Main Navigation Menu

Environmental Review

Environmental Process

The National Environmental Policy Act (NEPA) requires federal agencies to consider the environmental consequences of proposed projects as part of their decision-making. For NEC FUTURE, the FRA has chosen a “tiered” approach to satisfy NEPA requirements:

  • Tier 1: The first step is a broad, programmatic analysis of the environmental consequences of alternatives, documented in a Tier 1 Environmental Impact Statement (EIS).
  • Tier 2: The Tier 1 EIS is followed by more detailed Tier 2 environmental reviews, focused on specific projects and improvements.

In the Tier 1 EIS, alternatives are defined at a conceptual level and represent a range of possible rail improvements. Alternatives include information about the locations to be served and the types of rail service to be provided, without specifying a precise alignment. Similarly, the analysis of environmental effects of each alternative will be conducted at a high level, based on readily available data.

Scoping Process

The environmental review for NEC FUTURE began with a scoping process that enabled agencies, stakeholders and the public to learn about and contribute to shaping the program, including a preliminary purpose and need. During a four-month period in 2012, the FRA invited the public to comment on the purpose and need for the rail investment program, the Study Area, the range of alternatives to be considered, and the types of environmental consequences to be evaluated in the Tier 1 EIS. In August 2012, the FRA held agency and public scoping meetings in each of the NEC’s eight states and the District of Columbia. The FRA received nearly 2,500 different comments from approximately 800 individuals and organizations. All comments were reviewed and considered in the development of alternatives. Information on the scoping process and a summary of comments received can be found in the Scoping Summary on this website.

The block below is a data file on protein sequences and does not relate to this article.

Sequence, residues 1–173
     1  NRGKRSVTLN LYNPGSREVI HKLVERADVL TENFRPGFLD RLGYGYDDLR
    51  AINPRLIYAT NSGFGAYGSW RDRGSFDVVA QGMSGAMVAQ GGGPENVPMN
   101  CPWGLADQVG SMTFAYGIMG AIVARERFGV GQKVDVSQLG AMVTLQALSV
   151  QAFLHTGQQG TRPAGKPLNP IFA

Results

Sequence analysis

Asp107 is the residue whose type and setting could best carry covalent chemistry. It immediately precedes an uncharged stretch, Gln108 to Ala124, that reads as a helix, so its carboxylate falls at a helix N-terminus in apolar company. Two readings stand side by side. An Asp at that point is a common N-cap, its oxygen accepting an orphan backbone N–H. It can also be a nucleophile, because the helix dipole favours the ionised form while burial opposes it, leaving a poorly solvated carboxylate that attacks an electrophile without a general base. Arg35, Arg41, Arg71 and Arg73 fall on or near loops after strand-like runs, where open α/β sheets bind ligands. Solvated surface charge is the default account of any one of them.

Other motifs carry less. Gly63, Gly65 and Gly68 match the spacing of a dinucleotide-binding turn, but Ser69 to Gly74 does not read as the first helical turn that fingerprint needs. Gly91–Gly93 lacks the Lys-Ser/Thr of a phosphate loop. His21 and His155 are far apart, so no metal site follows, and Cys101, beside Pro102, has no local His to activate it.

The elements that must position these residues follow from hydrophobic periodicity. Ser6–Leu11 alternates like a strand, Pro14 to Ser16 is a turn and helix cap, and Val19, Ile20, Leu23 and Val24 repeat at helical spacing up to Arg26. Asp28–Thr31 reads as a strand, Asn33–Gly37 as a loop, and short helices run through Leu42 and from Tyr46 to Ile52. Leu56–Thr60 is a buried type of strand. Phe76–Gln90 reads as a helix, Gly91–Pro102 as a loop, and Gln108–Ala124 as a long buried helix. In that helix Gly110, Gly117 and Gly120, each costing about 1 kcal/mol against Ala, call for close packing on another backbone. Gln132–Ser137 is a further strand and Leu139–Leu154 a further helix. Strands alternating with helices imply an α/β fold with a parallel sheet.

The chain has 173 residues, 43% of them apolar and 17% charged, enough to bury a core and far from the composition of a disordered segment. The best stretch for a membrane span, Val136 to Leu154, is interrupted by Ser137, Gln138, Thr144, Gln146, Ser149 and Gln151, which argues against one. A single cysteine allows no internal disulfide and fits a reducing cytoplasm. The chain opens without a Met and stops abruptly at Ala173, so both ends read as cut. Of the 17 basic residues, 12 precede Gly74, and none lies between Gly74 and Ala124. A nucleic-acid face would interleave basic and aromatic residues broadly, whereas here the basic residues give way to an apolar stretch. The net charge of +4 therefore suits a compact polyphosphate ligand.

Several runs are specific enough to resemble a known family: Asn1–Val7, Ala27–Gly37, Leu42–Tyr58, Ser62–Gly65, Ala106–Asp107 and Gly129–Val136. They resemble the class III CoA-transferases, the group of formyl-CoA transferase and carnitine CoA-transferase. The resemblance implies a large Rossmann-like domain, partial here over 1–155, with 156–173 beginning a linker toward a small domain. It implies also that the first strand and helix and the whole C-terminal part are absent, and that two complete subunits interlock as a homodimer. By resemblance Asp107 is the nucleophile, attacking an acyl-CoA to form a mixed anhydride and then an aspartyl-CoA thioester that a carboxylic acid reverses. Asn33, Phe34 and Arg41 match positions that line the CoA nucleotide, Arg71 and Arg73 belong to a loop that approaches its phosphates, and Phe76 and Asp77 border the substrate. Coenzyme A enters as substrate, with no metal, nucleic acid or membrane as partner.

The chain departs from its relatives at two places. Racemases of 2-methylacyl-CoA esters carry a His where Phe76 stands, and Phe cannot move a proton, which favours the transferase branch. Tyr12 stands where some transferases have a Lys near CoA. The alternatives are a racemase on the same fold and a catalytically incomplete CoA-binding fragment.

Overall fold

Alternatives Development

The next step of the NEPA process was the development of alternatives for evaluation in the Tier 1 Draft EIS. The development of alternatives followed a sequential process as outlined on the alternatives page of this website. In developing the initial set of alternatives, the FRA team considered public comments received during scoping, previous studies of the NEC, data on travel markets in the Northeast, and current plans of the NEC states and railroad operators. This process resulted in the identification of the Tier 1 EIS Alternatives, including three Action Alternatives and a No Action Alternative, as described in the Tier 1 EIS Alternatives Report . The FRA has evaluated these alternatives in the Tier 1 Draft EIS .

Environmental Resource Analysis

Decisions about future investment in the NEC could have a variety of consequences for the natural and human environment. The construction of new rail infrastructure, the rail services to be provided, and the operation of those services could all affect the environment in different ways.

The Tier 1 Draft EIS analyzes existing environmental conditions in the Study Area and the environmental effects of each alternative. This assessment will help the FRA determine which alternative(s) meets the Purpose and Need with the best consequences for the Northeast region. It may also help identify ways of modifying the alternatives to avoid or reduce negative environmental impacts and promote positive impacts.